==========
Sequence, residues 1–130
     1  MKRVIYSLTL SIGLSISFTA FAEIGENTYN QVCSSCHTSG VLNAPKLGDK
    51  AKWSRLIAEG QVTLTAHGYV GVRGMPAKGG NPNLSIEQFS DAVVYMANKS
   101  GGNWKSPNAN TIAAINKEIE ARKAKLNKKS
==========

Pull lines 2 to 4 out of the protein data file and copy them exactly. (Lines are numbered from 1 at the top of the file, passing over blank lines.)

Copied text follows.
     1  MKRVIYSLTL SIGLSISFTA FAEIGENTYN QVCSSCHTSG VLNAPKLGDK
    51  AKWSRLIAEG QVTLTAHGYV GVRGMPAKGG NPNLSIEQFS DAVVYMANKS
   101  GGNWKSPNAN TIAAINKEIE ARKAKLNKKS